Saturday, July 24, 2021


I've been unusually cranky this week. It's not hard to put my finger on just why, and it's because of magical thinking. Ever since my teenage years, and probably well before that, I've had an idée fixe that even when something seems impossible, I can accomplish it by means of sheer tenacity. I probably had an incipient version of this condition even in childhood, although I had almost no scope for exercising it until I started earning my own money at age twelve. I remember my first job. An older lady who lived a few doors away asked me if I would do yard work for her. The grass in her back yard was really long and all she had was a rusty push mower. Although it took me hours of backbreakingly hard labour, I got it done. I think she paid me five dollars. The following week, she wanted her exterior windows washed. They were really dirty and it was an awful job, but again, I stuck with it. When I was finished, she asked how much she owed me. I said, "five dollars". She objected, claiming it wasn't as hard as mowing the lawn, and gave me $2.50. The injustice impressed me deeply, and I'm sure she realized this, because she never asked me to do any work for her again. But the most valuable lesson of the whole experience was learning the worth of my own time. I worked at various things in my early teenage years and most of them were lessons in power dynamics: the babysitting client who, at the end of my shift, would suddenly ask if she could pay me "next time". Next time the same thing happened, and I learned not to accept babysitting assignments from ladies who tried to pretend we were friends as a means to run a babysitting tab. As I got older, I learned to pick my battles, which greatly increased my chances of being successful at whatever windmill I was tilting at. (Don't get that reference? Read Don Quixote. A thousand pages from now, you'll understand.) A good example of this would be the gutting and rebuilding of The Adam Vaughan, the once-derelict boathouse on my property that occupied my every waking thought for months. I look at the entirety of the problem, feel overwhelmed and tell myself I cannot possibly take on anything this monumental, and then I break it down into bite-size pieces and imagine how I'm going to handle this tiny portion. Then I move on to the next section, until eventually the whole job is done. I think I may have met my Waterloo in the long-abandoned solar heating system for the swimming pool.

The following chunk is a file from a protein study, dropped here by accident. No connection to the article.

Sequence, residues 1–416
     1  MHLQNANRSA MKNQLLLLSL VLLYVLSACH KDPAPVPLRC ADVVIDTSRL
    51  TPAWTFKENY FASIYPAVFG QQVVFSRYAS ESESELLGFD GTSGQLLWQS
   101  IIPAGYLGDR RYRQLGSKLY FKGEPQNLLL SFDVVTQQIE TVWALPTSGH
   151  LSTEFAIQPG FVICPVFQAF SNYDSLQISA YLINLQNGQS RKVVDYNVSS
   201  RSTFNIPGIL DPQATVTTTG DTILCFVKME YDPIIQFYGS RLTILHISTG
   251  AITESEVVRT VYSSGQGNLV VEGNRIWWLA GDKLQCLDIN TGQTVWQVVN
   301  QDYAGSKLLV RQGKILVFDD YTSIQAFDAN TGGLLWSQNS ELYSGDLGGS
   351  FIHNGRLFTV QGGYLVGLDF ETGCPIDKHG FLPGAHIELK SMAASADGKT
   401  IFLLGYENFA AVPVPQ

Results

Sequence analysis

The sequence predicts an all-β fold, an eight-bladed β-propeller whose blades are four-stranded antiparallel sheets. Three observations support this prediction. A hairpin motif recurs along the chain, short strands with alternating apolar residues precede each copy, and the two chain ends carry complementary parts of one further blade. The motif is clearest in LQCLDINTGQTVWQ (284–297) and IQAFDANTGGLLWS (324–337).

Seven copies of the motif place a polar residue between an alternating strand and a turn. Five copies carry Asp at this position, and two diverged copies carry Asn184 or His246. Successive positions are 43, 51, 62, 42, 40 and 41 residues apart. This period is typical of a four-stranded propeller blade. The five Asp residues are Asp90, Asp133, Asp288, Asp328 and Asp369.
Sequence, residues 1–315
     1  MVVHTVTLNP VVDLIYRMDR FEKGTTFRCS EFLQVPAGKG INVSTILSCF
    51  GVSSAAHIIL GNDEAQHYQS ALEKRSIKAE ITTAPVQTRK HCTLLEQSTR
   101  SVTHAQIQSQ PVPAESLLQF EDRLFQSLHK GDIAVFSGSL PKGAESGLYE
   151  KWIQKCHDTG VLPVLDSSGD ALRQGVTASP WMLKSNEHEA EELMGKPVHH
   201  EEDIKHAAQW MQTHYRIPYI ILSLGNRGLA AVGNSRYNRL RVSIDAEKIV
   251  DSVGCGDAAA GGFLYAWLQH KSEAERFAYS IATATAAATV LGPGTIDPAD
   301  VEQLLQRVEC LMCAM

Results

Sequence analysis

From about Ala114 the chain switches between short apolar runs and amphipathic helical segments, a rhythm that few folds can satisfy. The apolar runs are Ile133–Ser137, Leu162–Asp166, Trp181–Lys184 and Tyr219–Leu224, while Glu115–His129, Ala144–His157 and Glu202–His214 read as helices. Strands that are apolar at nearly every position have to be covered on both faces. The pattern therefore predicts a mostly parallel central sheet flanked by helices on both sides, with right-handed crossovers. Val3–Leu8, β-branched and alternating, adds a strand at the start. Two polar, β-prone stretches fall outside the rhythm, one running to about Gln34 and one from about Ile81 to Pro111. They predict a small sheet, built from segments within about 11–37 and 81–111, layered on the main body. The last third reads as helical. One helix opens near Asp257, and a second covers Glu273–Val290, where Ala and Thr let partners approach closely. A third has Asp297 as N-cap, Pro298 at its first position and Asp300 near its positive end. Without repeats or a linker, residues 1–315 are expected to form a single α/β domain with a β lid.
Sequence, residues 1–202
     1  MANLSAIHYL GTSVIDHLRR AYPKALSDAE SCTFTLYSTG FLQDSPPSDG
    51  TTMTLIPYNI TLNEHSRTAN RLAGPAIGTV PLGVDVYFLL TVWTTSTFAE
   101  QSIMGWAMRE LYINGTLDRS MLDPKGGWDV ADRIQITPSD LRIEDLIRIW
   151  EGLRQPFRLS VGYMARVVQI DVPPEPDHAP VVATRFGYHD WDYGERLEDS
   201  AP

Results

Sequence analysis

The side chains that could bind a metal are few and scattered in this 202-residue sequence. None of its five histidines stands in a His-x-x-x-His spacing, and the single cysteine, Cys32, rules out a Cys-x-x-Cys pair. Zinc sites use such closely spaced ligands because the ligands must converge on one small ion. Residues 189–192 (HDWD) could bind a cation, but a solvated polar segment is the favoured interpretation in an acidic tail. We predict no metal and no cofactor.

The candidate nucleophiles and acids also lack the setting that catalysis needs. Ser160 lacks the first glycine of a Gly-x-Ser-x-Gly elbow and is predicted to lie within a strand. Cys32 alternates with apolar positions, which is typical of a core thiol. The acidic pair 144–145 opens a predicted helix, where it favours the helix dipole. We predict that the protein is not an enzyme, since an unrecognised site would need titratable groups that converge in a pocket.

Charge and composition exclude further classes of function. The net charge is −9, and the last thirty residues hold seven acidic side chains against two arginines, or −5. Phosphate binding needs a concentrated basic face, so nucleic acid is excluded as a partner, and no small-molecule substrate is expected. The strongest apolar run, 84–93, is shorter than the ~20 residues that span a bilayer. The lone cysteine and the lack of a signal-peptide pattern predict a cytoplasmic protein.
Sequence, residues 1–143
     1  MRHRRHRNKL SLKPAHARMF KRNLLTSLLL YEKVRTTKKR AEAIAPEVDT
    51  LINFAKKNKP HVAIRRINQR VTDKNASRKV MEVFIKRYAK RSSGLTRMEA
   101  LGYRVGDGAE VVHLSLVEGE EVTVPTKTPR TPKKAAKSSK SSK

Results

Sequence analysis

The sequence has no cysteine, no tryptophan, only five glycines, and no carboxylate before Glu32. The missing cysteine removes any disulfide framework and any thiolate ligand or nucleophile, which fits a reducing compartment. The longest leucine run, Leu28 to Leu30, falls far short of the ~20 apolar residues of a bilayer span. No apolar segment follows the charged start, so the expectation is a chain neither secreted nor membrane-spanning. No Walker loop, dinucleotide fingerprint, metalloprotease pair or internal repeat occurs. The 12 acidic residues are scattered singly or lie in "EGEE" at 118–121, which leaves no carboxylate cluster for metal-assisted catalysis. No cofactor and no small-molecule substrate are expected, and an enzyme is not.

When the young fellow from the pool company came in late June to open the swimming pool for the season, he glanced at the decrepit solar array and said off-handedly, "You could probably get this up and running for about two hundred. It's just some cracked pipes that need replacing, you know." Next thing I knew, another employee of the pool company showed up to estimate the cost of getting the solar heating system up and running again. When the estimate came in at just over a thousand, I started to hear alarm bells in my head, and they only got louder when the owner of the pool company phoned to say this was just an estimate, and if it went over the estimate, it would not be by much. The voice of reason told me not to proceed, but the thought of lounging in a 30 degree pool warmed solely by the heat of the sun drowned out any reservations I had. When the bill came in for the restoration, it was a lot of money. Two mornings later, the pool was a few degrees warmer but the water level had dropped several inches, enough that the filtration system was struggling to work. I turned on the hose to top up the pool using well water. A few hours later, I was cutting the lawn near the south fence line, glanced up at the solar array, and it was effectively raining over there. I got off the tractor, phoned the pool company, and they sent the installers over almost immediately. The weight of the water running through the black tubing was so heavy that it had shifted the entire solar array and caused it to leak in multiple places. Some of the tubing was so hot that the installer burnt his hand touching it. That's when the voice of reason kicked in. I told them I was accepting responsibility for the failure of the system, but the reality was, a pipe that hot on an ancient plywood base was going to cause a fire, and I live in the country, far from a fire hydrant. They tried to persuade me that they could fix it, but the engineer in me stepped in and insisted that this was a fool's errand. I asked them to disconnect both the new motor and the controller, which alone had cost me over a thousand, and I would have to try and find someone to buy them both, because this is one project I'm not going to spend another dime on. And that's why I've been cranky all week. My blood boiling should be quite enough to heat the pool for the rest of the summer.

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